> thinking lately if training kits or study guides are a great idea to
    > have on the market. I am leaning toward no. The reason is that
    > certification exams by default are based on recommended experience. What
    > good is there in having a training kit or 5 day class if the
    > certification program recommends experience in passing the exams? There
    > are tons of resource kits and other books on technology. Why do we need
    > a specific book on exam content when this content is available online
    > and in printed form in other books (resource kits and such). Answer:
    > MONEY. Nothing wrong with this, it is what makes the world go around and
    > what we all work to achieve. But to me, training kits or certification
    > prep guides are fading fast with me. I do not need a book outlining the
    > exam content -- the Microsoft learning site informs me what I will be
    > tested on for any particular exam. I do not need the kit to learn about
    > the technology that I will be tested on -- my experience with the
    > technology, other resource kits I own for research about the covered
    > technology, and http://www.microsoft.com/technet assist me with that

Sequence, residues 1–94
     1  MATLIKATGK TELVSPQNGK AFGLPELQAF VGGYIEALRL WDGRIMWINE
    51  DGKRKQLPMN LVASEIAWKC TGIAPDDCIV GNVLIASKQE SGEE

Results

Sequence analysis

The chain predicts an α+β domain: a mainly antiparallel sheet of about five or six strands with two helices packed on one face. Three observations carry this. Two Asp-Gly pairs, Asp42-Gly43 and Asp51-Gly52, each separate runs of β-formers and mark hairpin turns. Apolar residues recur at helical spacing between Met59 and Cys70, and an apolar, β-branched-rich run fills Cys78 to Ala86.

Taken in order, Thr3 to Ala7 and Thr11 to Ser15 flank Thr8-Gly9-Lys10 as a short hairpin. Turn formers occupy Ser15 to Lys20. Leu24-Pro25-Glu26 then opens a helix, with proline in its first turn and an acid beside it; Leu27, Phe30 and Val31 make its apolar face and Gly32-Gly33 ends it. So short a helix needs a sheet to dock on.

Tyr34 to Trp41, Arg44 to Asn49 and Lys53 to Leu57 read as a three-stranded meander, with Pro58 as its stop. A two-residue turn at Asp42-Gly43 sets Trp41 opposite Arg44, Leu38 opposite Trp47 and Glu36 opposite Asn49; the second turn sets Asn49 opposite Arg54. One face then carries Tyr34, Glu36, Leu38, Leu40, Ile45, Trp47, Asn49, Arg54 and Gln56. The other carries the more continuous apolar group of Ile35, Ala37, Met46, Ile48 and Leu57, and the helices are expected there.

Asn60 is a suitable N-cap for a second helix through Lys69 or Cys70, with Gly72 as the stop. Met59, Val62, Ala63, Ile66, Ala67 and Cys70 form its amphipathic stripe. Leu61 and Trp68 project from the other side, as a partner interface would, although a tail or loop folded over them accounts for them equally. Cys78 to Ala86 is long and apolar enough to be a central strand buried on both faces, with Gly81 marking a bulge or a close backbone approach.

> part. I do not need the training kits for the evaluation software -- I
    > should already know it, or at the very least worked on it before if I
    > plan on testing out on it! And I sure don't need the training kit for
    > the practice exams. In my personal opinionated view, practice exams are
    > a waste of time. They are riddled with errors, give the person a false
    > sense of security or worse, make them afraid to take the real exam and
    > doubt their abilities.
    >
    > So again I ask, why do we need training kits or exam preparation guides?
    >
    > --
    > Michael D. Alligood,
    > MCITP, MCTS, MCSA, MCDST
    > The I.T. Classroom - http://www.theitclassroom.com/
    > CertGuard, Inc. - http://www.certguard.com
    >
    >
    >
    =?Utf-8?B?VVdSRlJFUE9SVEVSMDQ=?=, Aug 20, 2007
    #3
  4. "UWRFREPORTER04" <> wrote in
    message news::

    > I understand with what you are saying. The majority of the things I've
    > learned from Server 2003 is by doing it and learning things with group policy
    > and permissions as I go along and getting numerous help from technet and